On Mar. 1 a top Ukrainian diplomat said that following a formal call for volunteers by the Ukrainian government hundreds of Canadians have signed up to fight for Ukraine against Russian invasion forces.
Two days following the call for assistance, Canadians are now signing up via recently published websites to join what Kyiv is calling the International Legion for the Territorial Defence of Ukraine.
“Although there has been a concerted International effort to support Ukraine with supplies and weapons, there is a great need for people to join in the defense. We are dedicated to assist those who want to help with the defense to get to the front lines,” reads defendukraine.ca before displaying a simple volunteer application.
“The effort seems extraordinary — a foreign government essentially recruiting soldiers on Canadian soil, so far with the federal government’s tacit approval,” Canada’s National Post reported.
Oleksandr Shevchenko, Ukraine’s Toronto consul general, said in an interview, “We are touched, we are overwhelmed. It is not only Ukrainian-Canadians … but people from different corners of the country,” who are stepping up. At least two to three hundred individuals have volunteered to fight in Ukraine, Shevchenko said.
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Funding for the war effort is expected to be provided by a flood of private donations, Borys Wrzesnewskyj, a former Liberal MP and prominent Ukrainian-Canadian said.
Multiple recruitment efforts
In addition to these efforts, an Ontario businessman, Chris Ecklund, based in Hamilton, Ont. who also worked to rescue Canada’s ex-employees in Afghanistan, launched his own operation to recruit foreign fighters to counter Russia’s invasion efforts.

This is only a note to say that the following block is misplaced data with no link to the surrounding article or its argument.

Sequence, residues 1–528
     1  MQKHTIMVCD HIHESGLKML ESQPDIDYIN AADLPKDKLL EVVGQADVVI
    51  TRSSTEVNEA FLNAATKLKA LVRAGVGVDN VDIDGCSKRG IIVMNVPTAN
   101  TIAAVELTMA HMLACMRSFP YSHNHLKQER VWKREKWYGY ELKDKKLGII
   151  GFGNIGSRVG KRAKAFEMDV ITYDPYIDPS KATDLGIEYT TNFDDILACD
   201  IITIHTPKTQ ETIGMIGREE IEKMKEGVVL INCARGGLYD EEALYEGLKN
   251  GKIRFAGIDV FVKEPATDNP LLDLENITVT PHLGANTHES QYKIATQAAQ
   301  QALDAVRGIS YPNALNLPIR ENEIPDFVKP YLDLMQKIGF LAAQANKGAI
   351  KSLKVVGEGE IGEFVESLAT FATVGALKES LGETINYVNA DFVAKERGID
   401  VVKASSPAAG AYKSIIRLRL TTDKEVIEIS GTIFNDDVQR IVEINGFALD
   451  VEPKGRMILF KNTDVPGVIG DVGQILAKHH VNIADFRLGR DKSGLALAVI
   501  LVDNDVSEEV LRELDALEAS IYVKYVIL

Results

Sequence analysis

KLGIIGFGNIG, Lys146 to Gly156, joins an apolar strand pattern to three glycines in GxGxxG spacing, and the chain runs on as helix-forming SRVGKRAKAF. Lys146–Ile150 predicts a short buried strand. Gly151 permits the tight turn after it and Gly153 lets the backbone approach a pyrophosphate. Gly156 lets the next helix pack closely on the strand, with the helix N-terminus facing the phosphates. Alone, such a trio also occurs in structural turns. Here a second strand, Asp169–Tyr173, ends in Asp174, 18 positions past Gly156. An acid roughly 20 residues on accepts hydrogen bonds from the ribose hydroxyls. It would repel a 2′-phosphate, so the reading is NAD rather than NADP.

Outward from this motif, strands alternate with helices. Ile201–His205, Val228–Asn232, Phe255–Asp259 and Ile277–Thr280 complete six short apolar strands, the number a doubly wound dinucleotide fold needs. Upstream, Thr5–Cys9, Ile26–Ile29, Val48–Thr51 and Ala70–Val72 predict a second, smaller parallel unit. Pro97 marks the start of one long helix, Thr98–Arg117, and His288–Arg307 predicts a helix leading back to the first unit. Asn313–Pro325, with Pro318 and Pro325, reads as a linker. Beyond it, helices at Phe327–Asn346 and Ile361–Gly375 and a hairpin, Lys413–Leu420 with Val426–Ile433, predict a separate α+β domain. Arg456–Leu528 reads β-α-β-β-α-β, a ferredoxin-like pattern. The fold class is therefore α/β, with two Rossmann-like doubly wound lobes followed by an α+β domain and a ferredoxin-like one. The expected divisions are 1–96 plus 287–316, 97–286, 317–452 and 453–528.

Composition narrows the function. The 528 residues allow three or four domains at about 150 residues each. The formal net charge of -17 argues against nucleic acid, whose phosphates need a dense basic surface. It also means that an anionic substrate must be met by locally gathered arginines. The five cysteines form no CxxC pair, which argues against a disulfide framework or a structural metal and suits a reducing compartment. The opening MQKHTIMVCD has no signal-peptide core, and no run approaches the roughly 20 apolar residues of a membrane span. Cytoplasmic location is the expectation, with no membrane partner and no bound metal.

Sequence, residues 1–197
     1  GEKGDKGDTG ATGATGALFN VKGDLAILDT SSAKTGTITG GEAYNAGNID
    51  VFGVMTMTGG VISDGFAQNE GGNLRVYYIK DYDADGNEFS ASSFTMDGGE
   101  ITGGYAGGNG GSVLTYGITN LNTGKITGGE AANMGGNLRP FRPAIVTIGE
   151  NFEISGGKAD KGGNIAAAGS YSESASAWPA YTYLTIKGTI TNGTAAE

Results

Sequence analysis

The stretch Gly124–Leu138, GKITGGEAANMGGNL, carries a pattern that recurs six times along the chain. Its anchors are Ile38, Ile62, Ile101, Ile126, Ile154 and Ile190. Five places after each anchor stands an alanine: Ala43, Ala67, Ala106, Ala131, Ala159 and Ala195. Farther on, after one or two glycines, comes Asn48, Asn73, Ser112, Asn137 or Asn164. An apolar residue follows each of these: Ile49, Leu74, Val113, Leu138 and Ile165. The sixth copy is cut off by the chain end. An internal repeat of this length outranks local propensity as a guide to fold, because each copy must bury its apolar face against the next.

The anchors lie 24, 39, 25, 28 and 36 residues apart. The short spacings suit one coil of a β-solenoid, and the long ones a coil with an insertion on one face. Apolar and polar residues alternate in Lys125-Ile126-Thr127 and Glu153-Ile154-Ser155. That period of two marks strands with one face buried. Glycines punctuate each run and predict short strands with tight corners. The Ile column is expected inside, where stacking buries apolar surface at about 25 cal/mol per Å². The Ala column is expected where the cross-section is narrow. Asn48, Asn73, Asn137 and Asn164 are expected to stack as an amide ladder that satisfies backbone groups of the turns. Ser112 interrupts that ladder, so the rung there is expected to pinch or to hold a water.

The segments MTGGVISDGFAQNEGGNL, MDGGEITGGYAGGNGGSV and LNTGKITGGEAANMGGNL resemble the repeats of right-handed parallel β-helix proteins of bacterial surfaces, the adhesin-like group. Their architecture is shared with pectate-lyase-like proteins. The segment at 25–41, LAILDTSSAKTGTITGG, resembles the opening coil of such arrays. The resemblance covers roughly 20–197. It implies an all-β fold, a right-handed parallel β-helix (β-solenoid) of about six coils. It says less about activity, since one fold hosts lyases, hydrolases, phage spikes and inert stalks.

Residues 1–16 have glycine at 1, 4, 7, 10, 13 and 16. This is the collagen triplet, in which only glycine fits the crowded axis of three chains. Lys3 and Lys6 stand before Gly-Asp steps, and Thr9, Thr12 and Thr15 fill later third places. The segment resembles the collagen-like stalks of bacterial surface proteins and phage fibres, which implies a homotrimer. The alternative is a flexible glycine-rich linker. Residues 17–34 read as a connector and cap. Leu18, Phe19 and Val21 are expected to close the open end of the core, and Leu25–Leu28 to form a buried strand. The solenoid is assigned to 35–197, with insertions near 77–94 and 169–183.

People of any nationality can sign up via Ecklund’s website, fightforukraine.ca, which went live on the afternoon of Mar. 1.
“[This] website will serve as a portal for anyone world-wide that wants to head to Ukraine and help them fight to keep their country,” the site reads.
The site is run by veterans and is reportedly providing a sped-up basic training program as well as offering practical advice on how to travel to Ukraine.
Part of preparing to go to Ukraine includes understanding that one may not return and involves arranging for a means to identify remains.
“You obviously have to think and hope for the best but you have to plan for the worst,” Ecklund told the National Post adding that, “When you go into theatre, you don’t want to be a burden, not just to the people you’re serving with, but to the people back home, too.”
“You have to go into this thinking ‘What if I’m injured, what if I’m severely injured, what if I’m killed?’”
Ecklund is no stranger to war. He served in the army in the 1980s and helped families “repatriate the remains of two Canadians who privately entered the battle against the Islamic State, then were killed in Iraq, one in 2015, the other in 2017,” the National Post reported.
Preparing for war
Ecklund’s website outlines some of the more practical matters volunteers need to address before making the journey to Ukraine including having medical and dental check-ups completed and gathering needed medication and supplies like tourniquets and rations.
“The little tiny things can be very big things if you don’t take care of it,” Ecklund told the National Post. “I want to give anybody in the world who wants to go join the foreign legion, so to speak, as much information up front about what they have to do.”
Without going into details, for security reasons, Ecklund said his recruits would be provided a crash basic-training course somewhere in Europe.
Shevchenko indicated that the Ukrainian government is accepting anyone willing to fight but would most appreciate volunteers with either military or policing backgrounds.
“We also support and assist all those who don’t have such (army/law-enforcement) experience but are willing to go to Ukraine,” he said. “We don’t discourage anybody.”